Debt recovery can make or break a business


How well you carry out debt collection can make or break your business. Every business has different methods and issues, so here are some of the key factors in running a successful debt collection process in a typical business — meaning one that offers credit terms to its customers and sends out invoices.


Here are the six steps:

1 The when and how of sending invoices?

2 Giving customers options to pay. 

3 Terms of (business) trade and credit

4 Statements/reminders — why every week if necessary!

5 Debt collection/recovery

6 A small investment in debt management … 


1 The when and how of sending invoices?

When you do your invoices can have a huge impact on your cash position. You may be staggered to hear that one business owner advised me he sends out his invoices when he runs out of money!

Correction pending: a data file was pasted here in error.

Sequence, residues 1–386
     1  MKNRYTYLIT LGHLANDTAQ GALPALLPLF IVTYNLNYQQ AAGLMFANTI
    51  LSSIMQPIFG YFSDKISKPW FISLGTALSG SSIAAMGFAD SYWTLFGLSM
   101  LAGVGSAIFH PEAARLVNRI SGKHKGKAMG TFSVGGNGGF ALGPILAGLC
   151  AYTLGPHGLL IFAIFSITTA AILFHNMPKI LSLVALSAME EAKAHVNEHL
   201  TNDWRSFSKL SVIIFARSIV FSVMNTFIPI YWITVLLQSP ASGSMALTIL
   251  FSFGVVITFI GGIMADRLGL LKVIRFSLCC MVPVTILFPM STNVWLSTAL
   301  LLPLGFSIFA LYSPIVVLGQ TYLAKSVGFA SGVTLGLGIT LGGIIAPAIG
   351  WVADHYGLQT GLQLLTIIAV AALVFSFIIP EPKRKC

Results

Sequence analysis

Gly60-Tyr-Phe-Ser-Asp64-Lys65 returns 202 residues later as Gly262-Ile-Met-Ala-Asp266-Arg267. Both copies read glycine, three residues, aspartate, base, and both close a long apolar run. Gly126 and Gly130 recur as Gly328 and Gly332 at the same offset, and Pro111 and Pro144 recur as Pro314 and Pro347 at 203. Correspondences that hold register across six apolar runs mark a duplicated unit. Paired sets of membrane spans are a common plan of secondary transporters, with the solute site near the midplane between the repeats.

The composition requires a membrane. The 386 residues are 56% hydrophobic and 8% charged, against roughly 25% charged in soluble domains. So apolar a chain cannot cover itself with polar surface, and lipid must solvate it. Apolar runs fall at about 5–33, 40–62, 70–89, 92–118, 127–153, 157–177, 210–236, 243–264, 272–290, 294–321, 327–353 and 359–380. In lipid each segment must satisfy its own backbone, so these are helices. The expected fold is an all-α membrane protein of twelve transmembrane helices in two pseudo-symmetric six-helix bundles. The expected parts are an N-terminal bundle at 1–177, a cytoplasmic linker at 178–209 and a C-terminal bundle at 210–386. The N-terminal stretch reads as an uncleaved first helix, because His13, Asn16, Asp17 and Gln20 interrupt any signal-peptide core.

This is not untypical of many small businesses who struggle to manage the paperwork. It’s easy to get sidetracked with sales, marketing and delivering a product or service, and then to fail to collect payment. It is probably the single biggest culprit in business failure.


If you don’t keep the working capital coming in, you quickly struggle to run other aspects of the business, such as paying suppliers and your staff. If you can get a systematic programme for invoicing, you are well on the way to good financial management.


The sooner you can invoice your customers, the less money you need to find from elsewhere, such as bank loans or equity loans to cover running costs.


One of the most important details to be contained on any invoice is the credit terms — ie, how many days the customer has to pay the invoice. You would be amazed how many businesses omit this from their invoices.


The problem with not detailing credit terms is that customers will make up their own. They will decide to pay you when they feel like it — or when they can. Other suppliers, who have put credit terms on their invoices, are likely to get paid before you, so give yourself a head start by putting terms on your invoices.


2 Giving customers options to pay

Giving your customers as many methods of payment as possible is a sure fire way of increasing the speed and your chance of getting paid.